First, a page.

Why the Last Series of Dr Who was Badly Written, and Why it Matters

It’s not often that a TV show makes me angry, but the last series of Doctor Who did. It made me really angry.

Why? Because it was badly written. Very badly written. I’ve read many articles to the contrary and, somewhat confusingly, I agree with them. How can that be?

Because I do agree that the writing for the series was superb, but I also think that some of the episodes with the best writing in them were also the worst written overall.

So where’s the contradiction? It lies in the writers’ almost total disregard for the science in the Science Fiction.

Does it matter? After all, this is a show that features a character who can travel in time. Time travel is impossible, surely that shows a complete disregard for science. Well, yes, but that’s not the problem. In Science Fiction you can have one impossible thing, you can maybe have two or three impossible things that you build your story around. That’s the nature of the genre, but there’s a caveat: you have to maintain internal consistency. If you accept your two or three impossible things and then continue to go trampling over the science just for the sake of the plot, then that’s just bad writing. Full stop. And that’s what happened in the last series of Dr Who.

Does it matter?

If you want to write SF, yes it does. If you care about SF, it does. Because this sort of bad writing cheapens what the rest of us SF writers are trying to do. It falls in with the received wisdom of the Literary Establishment that these things don’t really matter, that ignorance of Maths and Science is nothing to be ashamed of.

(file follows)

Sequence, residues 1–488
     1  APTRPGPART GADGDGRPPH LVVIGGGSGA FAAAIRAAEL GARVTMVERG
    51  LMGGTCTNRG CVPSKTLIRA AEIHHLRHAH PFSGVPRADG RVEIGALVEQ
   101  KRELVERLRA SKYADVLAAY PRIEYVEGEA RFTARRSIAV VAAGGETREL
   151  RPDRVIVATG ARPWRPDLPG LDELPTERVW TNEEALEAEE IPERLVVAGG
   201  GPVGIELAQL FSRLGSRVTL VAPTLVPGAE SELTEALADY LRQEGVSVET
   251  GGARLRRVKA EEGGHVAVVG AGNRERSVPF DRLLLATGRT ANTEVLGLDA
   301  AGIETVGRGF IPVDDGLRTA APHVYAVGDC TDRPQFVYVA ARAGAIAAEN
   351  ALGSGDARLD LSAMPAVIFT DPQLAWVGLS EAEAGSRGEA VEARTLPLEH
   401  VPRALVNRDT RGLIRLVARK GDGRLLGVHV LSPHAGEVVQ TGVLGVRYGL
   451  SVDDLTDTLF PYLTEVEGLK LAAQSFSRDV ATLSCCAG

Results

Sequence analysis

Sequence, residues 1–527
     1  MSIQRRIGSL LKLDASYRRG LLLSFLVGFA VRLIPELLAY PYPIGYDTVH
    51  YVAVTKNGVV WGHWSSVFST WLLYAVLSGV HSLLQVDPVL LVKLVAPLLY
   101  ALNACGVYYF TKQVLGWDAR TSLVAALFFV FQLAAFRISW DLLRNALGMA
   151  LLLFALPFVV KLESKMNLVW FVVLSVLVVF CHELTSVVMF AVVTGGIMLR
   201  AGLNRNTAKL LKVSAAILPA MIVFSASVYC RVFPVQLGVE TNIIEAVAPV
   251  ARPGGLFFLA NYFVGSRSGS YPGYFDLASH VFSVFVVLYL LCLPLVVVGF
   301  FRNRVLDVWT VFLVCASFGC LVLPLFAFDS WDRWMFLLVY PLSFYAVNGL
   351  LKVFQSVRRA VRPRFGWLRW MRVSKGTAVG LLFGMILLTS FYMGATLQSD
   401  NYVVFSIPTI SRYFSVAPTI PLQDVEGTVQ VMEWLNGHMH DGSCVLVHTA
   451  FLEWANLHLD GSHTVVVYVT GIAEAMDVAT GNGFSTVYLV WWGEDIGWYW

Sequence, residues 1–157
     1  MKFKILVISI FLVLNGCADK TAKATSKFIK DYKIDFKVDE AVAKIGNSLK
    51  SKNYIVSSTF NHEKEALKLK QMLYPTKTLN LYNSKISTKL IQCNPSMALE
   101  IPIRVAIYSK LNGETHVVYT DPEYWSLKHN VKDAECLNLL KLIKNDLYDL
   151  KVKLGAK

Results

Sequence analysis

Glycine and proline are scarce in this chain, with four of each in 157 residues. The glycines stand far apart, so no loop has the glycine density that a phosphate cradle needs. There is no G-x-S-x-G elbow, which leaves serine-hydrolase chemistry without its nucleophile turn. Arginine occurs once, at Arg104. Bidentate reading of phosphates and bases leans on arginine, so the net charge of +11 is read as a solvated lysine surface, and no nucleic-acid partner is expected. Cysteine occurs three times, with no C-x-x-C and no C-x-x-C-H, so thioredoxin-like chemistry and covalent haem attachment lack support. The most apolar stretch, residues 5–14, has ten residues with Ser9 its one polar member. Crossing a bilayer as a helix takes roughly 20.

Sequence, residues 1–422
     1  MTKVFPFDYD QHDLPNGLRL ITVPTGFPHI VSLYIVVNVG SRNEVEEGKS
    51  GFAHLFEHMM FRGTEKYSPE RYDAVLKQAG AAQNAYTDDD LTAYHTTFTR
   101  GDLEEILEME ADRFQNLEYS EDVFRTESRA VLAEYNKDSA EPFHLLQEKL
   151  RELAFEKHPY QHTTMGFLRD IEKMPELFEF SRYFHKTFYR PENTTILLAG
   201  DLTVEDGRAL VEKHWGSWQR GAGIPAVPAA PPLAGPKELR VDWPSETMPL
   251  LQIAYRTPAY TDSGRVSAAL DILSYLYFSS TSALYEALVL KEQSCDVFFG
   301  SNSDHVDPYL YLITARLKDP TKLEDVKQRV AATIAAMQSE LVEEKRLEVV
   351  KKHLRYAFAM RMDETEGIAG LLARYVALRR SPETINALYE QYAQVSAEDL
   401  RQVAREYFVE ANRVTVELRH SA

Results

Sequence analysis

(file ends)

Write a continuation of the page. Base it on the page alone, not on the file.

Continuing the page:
No one would dream of writing a detective show without consulting basic police procedure. I read somewhere that the BBC is always careful to make sure that the steam engines it includes in period dramas are correct because so many people write in to complain when they get it wrong. So why is it okay to ignore bad science? A dragon hatching and laying an egg straight away? Trees suddenly appearing to save us from a solar flare? These were well written episodes with bad explanations just tacked on. They could have been much better. Are the writers really going to claim failure of the imagination?

Yes, it’s nice that the BBC include this sort of drama in their mainstream schedules, it’s great that they throw money and actors at it to produce a quality product. But if they ignore the science, then they’re saying that it doesn’t matter, that when in it comes down to it, the S in SF doesn’t matter. It’s the only the F that counts.

Well, I think they’re wrong, and unlike some of the other reviewers, I’m not going to pretend otherwise.

Sometimes I Have No Opinion

Who says that Weetos are just for breakfast?

I have no idea. I’ve never heard anyone express an opinion on the right time to eat Weetos, one way or the other.

But advertisers love these sort of statements. They appeal to the rebel in people (hey, no one tells me when to eat my breakfast)!. More than that though, they make you part of the debate. Advertisers validate the thing they are trying to sell by tricking you into having an opinion on it one way or another; because once you have an opinion on something it becomes important. That’s why the adverts want you to believe that you have to either love or hate Marmite, they want you to believe that indifference is not an option.